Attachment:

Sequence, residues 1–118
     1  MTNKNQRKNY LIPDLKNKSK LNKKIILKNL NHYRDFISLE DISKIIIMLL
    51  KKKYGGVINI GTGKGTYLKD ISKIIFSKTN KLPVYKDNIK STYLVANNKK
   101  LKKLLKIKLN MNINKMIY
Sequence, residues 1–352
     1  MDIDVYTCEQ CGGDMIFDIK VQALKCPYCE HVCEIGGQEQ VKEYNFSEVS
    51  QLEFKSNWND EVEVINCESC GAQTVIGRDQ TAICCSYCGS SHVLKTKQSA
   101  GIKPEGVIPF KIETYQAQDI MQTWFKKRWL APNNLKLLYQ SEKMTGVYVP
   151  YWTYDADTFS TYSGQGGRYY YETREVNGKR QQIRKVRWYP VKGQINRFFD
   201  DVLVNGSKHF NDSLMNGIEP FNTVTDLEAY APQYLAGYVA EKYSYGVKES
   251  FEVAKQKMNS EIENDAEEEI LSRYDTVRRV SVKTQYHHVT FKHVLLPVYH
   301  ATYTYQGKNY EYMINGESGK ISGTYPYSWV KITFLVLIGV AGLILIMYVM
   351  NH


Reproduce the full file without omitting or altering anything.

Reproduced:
Sequence, residues 1–118
     1  MTNKNQRKNY LIPDLKNKSK LNKKIILKNL NHYRDFISLE DISKIIIMLL
    51  KKKYGGVINI GTGKGTYLKD ISKIIFSKTN KLPVYKDNIK STYLVANNKK
   101  LKKLLKIKLN MNINKMIY
Sequence, residues 1–352
     1  MDIDVYTCEQ CGGDMIFDIK VQALKCPYCE HVCEIGGQEQ VKEYNFSEVS
    51  QLEFKSNWND EVEVINCESC GAQTVIGRDQ TAICCSYCGS SHVLKTKQSA
   101  GIKPEGVIPF KIETYQAQDI MQTWFKKRWL APNNLKLLYQ SEKMTGVYVP
   151  YWTYDADTFS TYSGQGGRYY YETREVNGKR QQIRKVRWYP VKGQINRFFD
   201  DVLVNGSKHF NDSLMNGIEP FNTVTDLEAY APQYLAGYVA EKYSYGVKES
   251  FEVAKQKMNS EIENDAEEEI LSRYDTVRRV SVKTQYHHVT FKHVLLPVYH
   301  ATYTYQGKNY EYMINGESGK ISGTYPYSWV KITFLVLIGV AGLILIMYVM
   351  NH